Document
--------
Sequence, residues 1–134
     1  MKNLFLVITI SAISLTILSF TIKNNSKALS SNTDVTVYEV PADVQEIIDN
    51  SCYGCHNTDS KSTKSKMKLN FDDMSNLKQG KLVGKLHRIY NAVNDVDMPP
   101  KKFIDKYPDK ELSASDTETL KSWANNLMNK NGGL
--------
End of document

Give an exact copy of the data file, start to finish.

Sequence, residues 1–134
     1  MKNLFLVITI SAISLTILSF TIKNNSKALS SNTDVTVYEV PADVQEIIDN
    51  SCYGCHNTDS KSTKSKMKLN FDDMSNLKQG KLVGKLHRIY NAVNDVDMPP
   101  KKFIDKYPDK ELSASDTETL KSWANNLMNK NGGL